Hey, here is a brand new addition to our little library. Silas and the Winterbottoms is a gothic tale of intrigue, adventure and humour, complete with evil relatives, orphans, crocodiles, secret schemes and great escapes. If you enjoyed the Lemony Snicket series, chances are that you will enjoy this one, the first in a series. Click on the link below to check out the website about the book:

Saturday, July 16, 2011

Scorpia Rising by Anthony Horowitz

This is a bit of a doorstop at 431 pages but a great read. Maybe Simon or Hamish would enjoy this author. You don't need to have read the preceding novels to understand or enjoy it. Mrs P has some of his books on her side of the double unit too. I think Sean has read some of them. Alex Rider is a series of spy novels, by British author Anthony Horowitz about a teenage spy named Alex Rider. The series is aimed primarily at young adults but some students in the unit would handle them okay.This gripping final mission brings together Alex Rider's old enemies to frame the teenage superspy in an unstoppable plot of revenge, from which he can never return. Pursued from Europe to North Africa and Cairo's city of the dead – this is the twistiest and most deadly plot of any Alex Rider mission yet, and will reveal Smithers' ultimate gadget and see the shocking death of a major character. Watch a clip with Horowitz talking about this novel:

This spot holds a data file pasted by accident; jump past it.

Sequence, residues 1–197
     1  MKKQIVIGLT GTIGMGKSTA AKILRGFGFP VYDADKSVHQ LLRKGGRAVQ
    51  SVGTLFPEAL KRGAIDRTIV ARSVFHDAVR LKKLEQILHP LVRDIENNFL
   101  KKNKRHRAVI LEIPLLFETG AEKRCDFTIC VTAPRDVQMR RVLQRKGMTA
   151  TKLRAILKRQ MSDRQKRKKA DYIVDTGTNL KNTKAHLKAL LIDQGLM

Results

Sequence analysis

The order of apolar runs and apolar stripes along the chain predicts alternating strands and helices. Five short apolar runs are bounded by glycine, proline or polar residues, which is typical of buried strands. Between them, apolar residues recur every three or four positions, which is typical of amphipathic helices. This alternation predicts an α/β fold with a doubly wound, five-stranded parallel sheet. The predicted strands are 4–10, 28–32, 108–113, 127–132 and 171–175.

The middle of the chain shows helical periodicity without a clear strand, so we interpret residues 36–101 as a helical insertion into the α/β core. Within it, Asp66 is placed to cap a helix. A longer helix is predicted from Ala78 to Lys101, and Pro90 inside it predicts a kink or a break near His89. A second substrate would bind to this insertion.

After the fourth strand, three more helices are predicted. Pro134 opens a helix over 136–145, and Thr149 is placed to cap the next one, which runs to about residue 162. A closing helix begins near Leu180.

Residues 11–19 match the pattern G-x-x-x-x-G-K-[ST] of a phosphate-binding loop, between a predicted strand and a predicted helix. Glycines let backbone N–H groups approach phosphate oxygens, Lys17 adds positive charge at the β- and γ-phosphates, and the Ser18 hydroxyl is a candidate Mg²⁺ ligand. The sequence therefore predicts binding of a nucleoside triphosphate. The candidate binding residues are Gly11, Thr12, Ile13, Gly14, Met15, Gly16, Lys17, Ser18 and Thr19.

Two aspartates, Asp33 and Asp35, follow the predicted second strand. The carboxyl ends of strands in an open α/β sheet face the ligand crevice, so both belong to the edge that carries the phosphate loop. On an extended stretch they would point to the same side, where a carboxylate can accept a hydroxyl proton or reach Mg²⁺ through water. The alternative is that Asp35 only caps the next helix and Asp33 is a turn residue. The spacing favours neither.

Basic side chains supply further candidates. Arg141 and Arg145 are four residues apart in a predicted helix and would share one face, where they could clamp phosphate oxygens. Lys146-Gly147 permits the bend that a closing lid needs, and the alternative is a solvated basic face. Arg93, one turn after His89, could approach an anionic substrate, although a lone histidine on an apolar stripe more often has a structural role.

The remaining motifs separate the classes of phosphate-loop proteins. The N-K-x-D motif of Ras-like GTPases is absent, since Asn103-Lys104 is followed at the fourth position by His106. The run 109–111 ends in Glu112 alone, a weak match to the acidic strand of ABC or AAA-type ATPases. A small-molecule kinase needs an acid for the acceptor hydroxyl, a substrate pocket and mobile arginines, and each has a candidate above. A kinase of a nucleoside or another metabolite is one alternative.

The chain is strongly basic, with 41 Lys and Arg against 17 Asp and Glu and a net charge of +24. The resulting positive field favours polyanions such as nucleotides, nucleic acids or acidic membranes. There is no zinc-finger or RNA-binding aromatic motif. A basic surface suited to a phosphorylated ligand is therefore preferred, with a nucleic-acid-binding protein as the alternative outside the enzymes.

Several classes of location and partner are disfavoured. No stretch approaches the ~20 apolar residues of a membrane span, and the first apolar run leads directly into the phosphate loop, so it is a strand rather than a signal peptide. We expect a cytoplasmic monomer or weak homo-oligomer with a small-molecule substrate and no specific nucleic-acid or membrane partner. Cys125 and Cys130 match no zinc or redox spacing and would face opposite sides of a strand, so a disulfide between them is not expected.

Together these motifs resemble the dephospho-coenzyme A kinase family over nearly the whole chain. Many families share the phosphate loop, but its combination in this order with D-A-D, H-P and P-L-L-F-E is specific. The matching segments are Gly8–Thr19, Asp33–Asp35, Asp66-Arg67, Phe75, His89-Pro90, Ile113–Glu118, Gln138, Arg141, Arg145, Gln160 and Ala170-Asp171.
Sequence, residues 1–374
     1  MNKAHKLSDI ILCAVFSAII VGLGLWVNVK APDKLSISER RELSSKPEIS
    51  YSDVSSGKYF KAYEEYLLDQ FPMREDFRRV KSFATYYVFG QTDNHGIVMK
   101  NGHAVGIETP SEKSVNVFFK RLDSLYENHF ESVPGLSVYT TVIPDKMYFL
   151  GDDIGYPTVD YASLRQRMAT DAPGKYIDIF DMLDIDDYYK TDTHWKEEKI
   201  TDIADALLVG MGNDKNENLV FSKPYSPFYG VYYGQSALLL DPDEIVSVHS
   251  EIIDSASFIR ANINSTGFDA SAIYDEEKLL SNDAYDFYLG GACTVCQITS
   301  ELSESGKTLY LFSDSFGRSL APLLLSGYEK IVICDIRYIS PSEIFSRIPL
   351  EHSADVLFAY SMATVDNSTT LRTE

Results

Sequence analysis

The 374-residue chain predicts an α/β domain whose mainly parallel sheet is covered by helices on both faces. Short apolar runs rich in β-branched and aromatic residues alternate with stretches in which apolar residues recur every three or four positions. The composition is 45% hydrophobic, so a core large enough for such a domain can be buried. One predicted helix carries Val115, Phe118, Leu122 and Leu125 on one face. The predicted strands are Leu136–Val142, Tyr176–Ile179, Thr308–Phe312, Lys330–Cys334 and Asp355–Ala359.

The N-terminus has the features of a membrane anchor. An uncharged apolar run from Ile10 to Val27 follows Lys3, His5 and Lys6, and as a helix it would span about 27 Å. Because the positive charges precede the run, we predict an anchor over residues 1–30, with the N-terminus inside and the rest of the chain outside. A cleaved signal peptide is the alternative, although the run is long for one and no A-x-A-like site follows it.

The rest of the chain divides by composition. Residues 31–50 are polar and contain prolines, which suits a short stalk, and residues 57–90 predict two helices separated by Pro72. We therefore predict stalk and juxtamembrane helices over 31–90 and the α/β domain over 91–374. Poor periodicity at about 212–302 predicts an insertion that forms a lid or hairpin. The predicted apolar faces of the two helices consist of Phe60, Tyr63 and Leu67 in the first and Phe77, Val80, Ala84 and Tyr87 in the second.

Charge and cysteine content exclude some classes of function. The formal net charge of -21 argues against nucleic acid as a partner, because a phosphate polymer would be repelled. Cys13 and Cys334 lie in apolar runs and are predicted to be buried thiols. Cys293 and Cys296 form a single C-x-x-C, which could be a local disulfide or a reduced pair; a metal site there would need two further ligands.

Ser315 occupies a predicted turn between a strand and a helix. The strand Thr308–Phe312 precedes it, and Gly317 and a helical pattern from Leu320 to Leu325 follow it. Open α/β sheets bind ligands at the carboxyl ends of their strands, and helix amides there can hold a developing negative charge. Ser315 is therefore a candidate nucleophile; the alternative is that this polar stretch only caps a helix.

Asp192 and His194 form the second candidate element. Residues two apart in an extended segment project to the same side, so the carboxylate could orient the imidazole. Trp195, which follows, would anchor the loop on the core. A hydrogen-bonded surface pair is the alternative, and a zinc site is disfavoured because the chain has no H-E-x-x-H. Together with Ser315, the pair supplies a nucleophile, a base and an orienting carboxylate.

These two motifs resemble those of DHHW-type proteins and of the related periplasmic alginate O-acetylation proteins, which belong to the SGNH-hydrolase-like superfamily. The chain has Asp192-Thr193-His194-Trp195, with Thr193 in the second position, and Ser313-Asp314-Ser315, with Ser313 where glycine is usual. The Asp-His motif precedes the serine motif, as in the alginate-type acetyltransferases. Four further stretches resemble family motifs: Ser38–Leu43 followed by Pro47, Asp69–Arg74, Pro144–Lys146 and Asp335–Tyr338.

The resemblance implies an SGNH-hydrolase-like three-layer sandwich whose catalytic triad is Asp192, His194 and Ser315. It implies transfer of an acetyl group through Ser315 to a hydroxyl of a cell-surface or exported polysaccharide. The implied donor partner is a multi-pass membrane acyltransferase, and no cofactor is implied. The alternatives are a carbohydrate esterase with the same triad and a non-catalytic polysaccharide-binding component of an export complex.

and check out the author reading an extract from his book:

Stories to Eat With Watermelon by Jackie French

This the sequel to Stories to eat with a Banana but can be read without having read its predecessor. Phredde and Pru go off to save Sleeping Beauty from the handsome Prince, and meet a frog named Bruce who is no help whatsoever. Also there is the girl who likes eating rose bushes, pirate ships, a giant Thingummie, piranas in the moat and a werewolf brother who will keep lifting his leg on the geraniums. There are five stories in all and I must say I thought they were all a lot of fun and a good book when your brain wants something light to munch on.